|Photo credit: deegolden from morguefile.com|
From what I can tell, this latter issue is the linchpin of my process problem. I don't stay consistently motivated generating material only for myself. I have a terrible weakness in wanting feedback while I draft. I really don't know how to break myself of it or if I should. I see a lot of benefit in others with some emotional distance telling me, "hey, your story took a wrong turn at chapter 4" while I'm only on chapter 7, because I don't have to throw out and redo from scratch as much material.
I'm also not sure if I should abandon my method of "draft-ivizing" as some call it, because many other organic/pantser writers I know also stop when a plot problem appears, go back and fix what needs to be fixed, and only then continue moving forward. Steven James's Story Trumps Structure (one of the only books I've read that works with rather than tries to change pantser process) makes clear that pantsers' creativity doesn't work in a linear manner. If it did, we'd be plotters.
This particular story went places I'd never imagined, especially for what is ostensibly a sequel with mostly existing characters. Because a venue change brought to light new things about them. And some of the plot ideas that excited me most required a lot of research, research that opened up some pretty interesting horizons. I now have a lot more knowledge about HIPAA and hip fractures, personality disorders and protocols for EMTs, military re-enactment and draft policies, aphasia and vericella zoster, anti-vax trends and 60s fashion, chemical properties of artists' oils and French idioms, weasel hunting and Pennsylvania driving laws. It's a weird list, I know. I'm not sure what the NSA would make of my Googling habits.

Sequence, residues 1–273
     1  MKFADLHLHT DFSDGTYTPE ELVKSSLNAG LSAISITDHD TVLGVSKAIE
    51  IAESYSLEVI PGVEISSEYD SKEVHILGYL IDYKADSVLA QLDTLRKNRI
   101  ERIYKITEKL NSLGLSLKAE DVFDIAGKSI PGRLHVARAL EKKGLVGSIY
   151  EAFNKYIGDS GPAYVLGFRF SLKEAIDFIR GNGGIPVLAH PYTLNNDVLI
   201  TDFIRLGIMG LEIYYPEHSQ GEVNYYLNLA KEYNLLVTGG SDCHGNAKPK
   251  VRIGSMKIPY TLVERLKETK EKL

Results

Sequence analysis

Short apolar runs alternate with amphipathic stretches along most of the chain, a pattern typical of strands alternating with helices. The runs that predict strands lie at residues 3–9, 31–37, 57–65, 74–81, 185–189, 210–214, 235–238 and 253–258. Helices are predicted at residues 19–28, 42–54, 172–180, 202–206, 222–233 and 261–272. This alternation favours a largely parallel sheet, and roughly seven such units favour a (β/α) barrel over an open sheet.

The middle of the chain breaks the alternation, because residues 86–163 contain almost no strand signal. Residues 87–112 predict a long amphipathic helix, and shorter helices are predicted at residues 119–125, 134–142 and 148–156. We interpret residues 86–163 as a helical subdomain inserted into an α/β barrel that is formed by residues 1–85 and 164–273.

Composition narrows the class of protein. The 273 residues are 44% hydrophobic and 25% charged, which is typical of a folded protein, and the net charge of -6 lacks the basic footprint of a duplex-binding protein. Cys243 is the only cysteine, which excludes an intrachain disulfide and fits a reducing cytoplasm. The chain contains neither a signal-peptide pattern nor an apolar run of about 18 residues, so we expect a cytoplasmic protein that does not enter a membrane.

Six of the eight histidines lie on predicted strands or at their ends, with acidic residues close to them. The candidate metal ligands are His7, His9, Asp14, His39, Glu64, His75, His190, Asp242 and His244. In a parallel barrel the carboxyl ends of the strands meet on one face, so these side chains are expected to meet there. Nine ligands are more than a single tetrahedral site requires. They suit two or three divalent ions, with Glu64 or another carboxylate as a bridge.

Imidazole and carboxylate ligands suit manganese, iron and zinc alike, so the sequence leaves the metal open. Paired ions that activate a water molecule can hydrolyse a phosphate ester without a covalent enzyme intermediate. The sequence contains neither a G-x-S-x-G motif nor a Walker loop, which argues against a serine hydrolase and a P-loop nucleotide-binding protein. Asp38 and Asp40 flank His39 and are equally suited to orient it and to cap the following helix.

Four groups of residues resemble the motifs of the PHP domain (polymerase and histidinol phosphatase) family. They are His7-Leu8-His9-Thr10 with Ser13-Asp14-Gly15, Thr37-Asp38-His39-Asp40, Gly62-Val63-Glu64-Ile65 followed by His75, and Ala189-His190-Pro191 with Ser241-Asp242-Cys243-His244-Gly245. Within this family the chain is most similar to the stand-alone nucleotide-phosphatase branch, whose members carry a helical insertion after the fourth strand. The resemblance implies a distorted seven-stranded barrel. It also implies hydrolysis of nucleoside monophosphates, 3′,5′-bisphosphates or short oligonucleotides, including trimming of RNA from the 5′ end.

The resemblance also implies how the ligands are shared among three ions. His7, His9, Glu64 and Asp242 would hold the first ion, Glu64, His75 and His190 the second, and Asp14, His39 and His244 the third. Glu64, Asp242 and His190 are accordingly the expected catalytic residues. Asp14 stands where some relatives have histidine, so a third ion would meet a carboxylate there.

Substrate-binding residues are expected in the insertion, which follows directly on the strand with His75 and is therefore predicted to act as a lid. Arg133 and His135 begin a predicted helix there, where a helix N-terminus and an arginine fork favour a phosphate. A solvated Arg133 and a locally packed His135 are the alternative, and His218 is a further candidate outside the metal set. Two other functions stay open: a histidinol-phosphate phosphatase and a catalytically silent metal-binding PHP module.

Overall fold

I suspect one of these days, I'll end up writing historical fiction, because I really grooved on all the research. Writing what you know is boring. Writing what you want to know is where it's at. Learning and discovery fuel my creativity. But I suspect I would have just as much fun with my research if I were doing it more methodically, during set periods, instead of chasing down facts as needed.
I know how you readers come to me expecting tips, but we're all learners here, folks. The best I can give you is some of my lessons learned and questions I'm grappling with that I hope will enable me to be progressively more productive with future projects.
- Be willing to let go of preconceived ideas about existing characters. Otherwise, they rebel.
- Be willing to live with ambiguity and notes to yourself so that you can do batches of research at one time rather than constantly stop to look things up.
- Be willing to change your process if it isn't getting you where you want to be
- Consider whether your desire to tinker with a scene is helping your imagination open more or if it's just holding back your forward motion.
- Consider when you seek feedback. Would other eyes sooner help or hurt your forward motion? Perhaps there are other ways to gain accountability and encouragement besides critiques on an incomplete project.
What parts of your writing process do you want to change?